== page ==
Biostatistics Journal Club: What is an Estimand? How do we Choose a Clinically Meaningful Estimand for a Comparative Clinical Study?
For a typical clinical study comparing two therapies, the investigators identify a target patient population, precisely define the treatments interventions and primary endpoint, then specify a population-level summary to quantify the treatment difference. Collectively, these choices are components of the estimand framework recently set forth by the International Council for Harmonization of Technical Requirements for Pharmaceuticals for Human Use (ICH). In this guideline and various related research publications, the issue of choosing the study estimand is discussed. Special attention is needed when the study’s primary outcome could foreseeably be affected by intercurrent events, such as treatment discontinuation, which occur after treatment initiation and interfere with the observation or interpretation of the outcome. When such unavoidable interruptions of the assigned study therapy are anticipated, it is important to consider at the study design stage how they will be handled when quantifying and interpreting the treatment difference. Here, the treatments of interest need to be precisely defined, and appropriate analytic procedure for handling incomplete observations pre-specified.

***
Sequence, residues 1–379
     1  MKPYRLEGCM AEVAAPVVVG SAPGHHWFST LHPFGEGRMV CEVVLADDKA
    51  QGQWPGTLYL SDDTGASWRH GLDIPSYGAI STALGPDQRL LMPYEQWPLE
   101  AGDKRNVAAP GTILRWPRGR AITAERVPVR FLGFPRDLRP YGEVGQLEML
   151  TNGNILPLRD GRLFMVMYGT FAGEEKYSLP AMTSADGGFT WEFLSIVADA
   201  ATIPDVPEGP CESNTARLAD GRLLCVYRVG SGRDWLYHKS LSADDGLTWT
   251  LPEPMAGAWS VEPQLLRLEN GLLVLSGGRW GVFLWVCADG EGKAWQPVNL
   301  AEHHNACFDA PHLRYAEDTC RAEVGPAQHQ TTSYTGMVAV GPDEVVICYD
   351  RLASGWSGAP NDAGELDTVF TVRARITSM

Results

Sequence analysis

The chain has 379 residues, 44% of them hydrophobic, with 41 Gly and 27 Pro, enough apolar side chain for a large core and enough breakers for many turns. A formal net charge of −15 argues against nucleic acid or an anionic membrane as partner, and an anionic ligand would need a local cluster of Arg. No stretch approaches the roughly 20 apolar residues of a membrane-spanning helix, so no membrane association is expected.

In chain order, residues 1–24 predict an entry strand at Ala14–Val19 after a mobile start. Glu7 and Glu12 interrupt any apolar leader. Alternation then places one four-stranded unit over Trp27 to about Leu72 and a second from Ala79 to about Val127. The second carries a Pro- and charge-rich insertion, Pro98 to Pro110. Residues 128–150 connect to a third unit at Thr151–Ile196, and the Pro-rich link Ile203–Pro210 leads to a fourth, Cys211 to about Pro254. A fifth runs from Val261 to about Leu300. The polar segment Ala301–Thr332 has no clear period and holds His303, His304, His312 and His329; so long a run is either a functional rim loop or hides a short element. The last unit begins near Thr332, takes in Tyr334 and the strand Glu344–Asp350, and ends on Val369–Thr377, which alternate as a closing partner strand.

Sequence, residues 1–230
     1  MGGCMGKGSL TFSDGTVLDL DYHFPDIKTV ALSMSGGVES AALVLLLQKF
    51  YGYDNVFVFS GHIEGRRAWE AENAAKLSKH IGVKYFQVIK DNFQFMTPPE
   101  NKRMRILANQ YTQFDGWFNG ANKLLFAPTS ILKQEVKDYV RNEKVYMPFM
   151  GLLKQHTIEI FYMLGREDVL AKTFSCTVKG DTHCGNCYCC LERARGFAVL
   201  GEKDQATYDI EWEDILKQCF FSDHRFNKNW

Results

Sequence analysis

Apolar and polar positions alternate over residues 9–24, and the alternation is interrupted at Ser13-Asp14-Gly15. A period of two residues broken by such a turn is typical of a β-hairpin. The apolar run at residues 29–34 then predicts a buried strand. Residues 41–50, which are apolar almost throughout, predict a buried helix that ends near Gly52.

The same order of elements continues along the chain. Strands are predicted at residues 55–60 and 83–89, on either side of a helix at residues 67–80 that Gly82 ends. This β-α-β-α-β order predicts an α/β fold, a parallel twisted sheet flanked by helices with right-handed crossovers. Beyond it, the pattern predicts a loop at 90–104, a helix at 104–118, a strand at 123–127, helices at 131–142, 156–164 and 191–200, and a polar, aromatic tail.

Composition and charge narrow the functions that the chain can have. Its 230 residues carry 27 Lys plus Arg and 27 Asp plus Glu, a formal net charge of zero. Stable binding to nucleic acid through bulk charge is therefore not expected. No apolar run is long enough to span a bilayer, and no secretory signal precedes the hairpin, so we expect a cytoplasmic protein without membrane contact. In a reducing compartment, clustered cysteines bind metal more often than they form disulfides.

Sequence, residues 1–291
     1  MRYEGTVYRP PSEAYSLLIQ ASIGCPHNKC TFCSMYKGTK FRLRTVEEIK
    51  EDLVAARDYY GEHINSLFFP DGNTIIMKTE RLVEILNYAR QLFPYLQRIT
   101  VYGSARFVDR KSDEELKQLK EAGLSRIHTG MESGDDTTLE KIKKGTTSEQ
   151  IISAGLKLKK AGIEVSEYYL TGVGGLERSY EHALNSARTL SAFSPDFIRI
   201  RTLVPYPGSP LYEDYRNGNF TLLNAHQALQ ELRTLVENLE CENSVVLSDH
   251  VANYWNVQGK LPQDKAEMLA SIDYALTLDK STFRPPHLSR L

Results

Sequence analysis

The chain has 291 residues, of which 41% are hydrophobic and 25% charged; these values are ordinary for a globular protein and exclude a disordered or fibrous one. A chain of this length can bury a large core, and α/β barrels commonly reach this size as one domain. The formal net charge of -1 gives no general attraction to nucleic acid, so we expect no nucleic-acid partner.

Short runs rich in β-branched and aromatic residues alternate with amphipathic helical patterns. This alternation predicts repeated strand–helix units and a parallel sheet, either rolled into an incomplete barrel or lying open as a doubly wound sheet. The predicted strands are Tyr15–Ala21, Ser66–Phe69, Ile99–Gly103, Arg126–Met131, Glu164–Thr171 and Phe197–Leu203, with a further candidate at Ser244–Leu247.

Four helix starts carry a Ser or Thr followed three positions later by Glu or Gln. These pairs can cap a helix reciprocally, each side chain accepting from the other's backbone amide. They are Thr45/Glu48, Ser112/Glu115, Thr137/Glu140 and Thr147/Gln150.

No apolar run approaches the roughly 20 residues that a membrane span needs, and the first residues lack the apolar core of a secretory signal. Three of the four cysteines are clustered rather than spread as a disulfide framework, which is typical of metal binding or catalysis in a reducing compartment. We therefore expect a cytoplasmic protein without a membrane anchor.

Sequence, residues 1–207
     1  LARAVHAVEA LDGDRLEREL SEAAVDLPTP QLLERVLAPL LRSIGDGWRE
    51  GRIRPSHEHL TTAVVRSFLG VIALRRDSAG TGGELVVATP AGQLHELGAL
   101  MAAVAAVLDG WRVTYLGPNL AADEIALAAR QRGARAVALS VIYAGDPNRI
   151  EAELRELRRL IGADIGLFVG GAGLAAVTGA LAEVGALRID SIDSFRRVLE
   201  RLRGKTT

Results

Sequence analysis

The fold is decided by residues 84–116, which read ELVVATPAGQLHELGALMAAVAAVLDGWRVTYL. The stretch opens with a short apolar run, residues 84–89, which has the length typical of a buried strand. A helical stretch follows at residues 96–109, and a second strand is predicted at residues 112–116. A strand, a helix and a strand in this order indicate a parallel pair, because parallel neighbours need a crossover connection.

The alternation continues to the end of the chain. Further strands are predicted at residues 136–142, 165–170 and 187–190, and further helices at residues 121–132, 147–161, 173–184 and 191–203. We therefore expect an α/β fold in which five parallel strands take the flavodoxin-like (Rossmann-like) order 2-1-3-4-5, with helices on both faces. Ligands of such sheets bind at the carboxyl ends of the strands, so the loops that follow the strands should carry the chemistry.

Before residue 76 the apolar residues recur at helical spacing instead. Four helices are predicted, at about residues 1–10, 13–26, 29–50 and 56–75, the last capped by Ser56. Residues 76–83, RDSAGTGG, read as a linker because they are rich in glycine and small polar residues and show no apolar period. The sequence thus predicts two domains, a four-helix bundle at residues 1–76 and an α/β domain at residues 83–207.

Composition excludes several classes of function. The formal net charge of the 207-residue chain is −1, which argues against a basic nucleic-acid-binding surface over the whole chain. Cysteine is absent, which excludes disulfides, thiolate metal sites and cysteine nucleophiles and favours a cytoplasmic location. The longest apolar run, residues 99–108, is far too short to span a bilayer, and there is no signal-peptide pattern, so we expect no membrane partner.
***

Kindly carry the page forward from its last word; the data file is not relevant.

This journal club will discuss the more fundamental issue of quantifying the treatment difference. An appropriate population-level summary of the treatment difference preferably has the following features:
1. The summary measure for the treatment difference is clinically interpretable, ideally in layperson’s terms, and is accompanied by an appropriate summary of the endpoint in each treatment group;
2. The summary of the treatment difference does not have modeling constraints, and the corresponding inference procedures are robust and model-free.
This talk will use three recent clinical studies to illustrate the selection process for an appropriate estimand.